Washington: A new study has provided deep insight on anorexia nervosa i.e. eating disorders suggesting that the longer one suffers from active anorexia nervosa (AN), the more likely they are to show disorder-relevant alterations in DNA methylation.
Linda Booij, a researcher with Sainte-Justine Hospital and an assistant professor at Queen's University, is the first to observe effects.
When methylation is altered, gene expression is also altered, and when gene expression is altered, the expression of traits that are controlled by those genes is also changed. In other words, altered methylation can produce changes in emotional reactions, physiological functions and behaviors.
A genome-wide study is showing chronicity of illness in women with AN to be associated with more pronounced alteration of methylation levels in genes implicated in anxiety, social behavior, various brain and nervous system functions, immunity, and the functioning of peripheral organs.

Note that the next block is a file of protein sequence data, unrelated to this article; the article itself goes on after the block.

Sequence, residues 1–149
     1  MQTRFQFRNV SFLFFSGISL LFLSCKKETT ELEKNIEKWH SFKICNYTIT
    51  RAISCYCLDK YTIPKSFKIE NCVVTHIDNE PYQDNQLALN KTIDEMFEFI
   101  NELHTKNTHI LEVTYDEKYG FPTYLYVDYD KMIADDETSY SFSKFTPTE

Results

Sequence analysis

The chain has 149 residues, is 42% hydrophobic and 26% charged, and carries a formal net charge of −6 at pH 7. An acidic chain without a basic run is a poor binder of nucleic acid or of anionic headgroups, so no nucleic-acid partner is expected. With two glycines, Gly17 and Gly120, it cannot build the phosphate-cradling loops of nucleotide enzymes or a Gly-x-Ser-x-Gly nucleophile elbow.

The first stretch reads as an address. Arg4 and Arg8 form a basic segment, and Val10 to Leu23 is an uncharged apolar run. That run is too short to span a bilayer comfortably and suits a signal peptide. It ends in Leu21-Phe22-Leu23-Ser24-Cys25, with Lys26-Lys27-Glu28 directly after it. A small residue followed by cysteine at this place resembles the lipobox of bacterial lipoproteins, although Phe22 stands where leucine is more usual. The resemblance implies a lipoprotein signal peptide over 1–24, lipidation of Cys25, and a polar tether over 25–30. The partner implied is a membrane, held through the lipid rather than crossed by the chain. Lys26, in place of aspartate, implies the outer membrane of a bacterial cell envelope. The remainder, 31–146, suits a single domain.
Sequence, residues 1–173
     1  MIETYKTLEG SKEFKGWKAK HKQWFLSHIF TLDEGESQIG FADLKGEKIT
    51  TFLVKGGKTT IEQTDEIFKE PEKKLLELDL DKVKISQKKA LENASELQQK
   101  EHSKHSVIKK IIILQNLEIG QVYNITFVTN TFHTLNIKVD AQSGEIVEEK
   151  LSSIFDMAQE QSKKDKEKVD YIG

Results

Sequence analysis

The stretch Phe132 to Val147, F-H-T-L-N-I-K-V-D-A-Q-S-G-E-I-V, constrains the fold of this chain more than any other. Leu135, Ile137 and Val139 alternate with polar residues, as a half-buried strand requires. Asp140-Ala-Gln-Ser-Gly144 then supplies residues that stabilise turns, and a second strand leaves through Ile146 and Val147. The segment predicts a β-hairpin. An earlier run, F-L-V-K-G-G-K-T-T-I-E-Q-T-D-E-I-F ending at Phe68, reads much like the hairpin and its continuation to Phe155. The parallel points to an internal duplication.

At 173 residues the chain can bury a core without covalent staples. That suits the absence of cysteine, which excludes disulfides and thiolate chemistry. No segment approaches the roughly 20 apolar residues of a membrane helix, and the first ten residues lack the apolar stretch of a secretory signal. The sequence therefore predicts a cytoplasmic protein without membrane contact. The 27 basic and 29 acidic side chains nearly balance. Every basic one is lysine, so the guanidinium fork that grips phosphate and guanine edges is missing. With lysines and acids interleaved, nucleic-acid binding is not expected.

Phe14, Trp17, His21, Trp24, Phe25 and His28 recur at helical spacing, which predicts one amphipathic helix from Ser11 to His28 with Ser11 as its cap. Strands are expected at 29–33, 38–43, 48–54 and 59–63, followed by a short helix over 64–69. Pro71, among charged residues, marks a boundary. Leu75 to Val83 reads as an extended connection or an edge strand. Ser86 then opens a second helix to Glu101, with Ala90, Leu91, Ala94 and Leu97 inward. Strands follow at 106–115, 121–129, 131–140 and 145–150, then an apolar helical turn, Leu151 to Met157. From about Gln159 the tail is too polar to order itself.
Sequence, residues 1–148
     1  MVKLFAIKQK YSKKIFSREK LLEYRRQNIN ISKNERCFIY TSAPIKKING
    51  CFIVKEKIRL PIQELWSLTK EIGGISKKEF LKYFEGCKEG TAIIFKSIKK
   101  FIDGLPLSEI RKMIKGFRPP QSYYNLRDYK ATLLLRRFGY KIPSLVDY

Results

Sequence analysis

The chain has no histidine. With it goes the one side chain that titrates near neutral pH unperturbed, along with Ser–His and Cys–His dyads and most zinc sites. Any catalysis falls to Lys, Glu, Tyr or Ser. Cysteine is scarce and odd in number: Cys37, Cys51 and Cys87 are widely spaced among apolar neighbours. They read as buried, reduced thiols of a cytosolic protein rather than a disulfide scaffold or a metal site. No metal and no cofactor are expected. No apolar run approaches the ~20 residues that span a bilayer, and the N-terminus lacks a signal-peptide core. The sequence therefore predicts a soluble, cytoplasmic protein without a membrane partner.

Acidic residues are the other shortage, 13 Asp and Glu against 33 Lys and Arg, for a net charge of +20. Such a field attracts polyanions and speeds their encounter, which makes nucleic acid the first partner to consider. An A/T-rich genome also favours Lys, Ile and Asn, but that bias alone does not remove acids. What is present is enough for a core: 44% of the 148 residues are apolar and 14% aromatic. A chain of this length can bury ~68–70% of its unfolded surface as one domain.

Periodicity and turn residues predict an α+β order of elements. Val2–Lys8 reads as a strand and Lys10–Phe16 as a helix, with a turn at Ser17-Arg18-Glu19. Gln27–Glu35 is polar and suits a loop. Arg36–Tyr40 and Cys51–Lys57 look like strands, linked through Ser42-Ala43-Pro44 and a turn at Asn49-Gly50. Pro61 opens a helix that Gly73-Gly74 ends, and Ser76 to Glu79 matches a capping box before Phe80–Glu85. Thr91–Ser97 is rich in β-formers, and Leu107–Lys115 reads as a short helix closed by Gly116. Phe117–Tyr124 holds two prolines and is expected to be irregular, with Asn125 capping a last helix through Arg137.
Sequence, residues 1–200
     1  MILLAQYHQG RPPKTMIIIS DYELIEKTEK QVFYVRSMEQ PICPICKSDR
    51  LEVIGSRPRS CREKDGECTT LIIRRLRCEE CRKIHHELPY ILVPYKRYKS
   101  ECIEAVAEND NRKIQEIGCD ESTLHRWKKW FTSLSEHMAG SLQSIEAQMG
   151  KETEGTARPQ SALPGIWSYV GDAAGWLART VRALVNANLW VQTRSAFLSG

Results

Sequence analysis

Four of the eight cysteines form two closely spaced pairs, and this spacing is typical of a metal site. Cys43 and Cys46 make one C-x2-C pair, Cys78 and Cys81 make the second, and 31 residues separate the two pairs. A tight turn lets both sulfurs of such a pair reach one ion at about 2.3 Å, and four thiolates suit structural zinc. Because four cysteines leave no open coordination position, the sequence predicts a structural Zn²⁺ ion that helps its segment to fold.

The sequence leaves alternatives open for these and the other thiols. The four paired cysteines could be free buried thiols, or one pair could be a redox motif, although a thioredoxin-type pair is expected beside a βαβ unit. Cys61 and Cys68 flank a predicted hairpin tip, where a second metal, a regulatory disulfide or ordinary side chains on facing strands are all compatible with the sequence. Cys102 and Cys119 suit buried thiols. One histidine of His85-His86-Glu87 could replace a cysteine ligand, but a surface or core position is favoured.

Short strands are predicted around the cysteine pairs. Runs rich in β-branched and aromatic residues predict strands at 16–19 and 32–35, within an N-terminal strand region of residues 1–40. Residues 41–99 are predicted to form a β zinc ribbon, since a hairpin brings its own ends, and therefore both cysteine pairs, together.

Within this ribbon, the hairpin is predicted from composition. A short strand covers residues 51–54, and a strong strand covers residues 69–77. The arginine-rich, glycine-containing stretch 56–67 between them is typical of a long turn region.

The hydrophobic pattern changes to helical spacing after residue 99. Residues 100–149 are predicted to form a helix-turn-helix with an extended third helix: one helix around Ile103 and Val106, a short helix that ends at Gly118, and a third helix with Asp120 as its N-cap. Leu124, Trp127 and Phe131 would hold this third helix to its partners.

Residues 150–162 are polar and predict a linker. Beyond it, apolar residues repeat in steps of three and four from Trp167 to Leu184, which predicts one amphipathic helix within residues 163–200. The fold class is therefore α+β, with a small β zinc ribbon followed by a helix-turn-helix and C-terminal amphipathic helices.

Dr. Steiger, Chief of the Eating Disorders Program at the Douglas Institute and a professor of Psychiatry at McGill University, said that these findings help clarify the point that eating disorders are not about superficial body image concerns or the result of bad parenting. They represent real biological effects of environmental impacts in affected people, which then get locked in by too much dieting.
Steiger added that they already know that eating disorders, once established, have a tendency to become more and more entrenched over time and these findings point to physical mechanisms acting upon physiological and nervous system functions throughout the body that may underlie many of the effects of chronicity.
The study is published in the International Journal of Eating Disorders.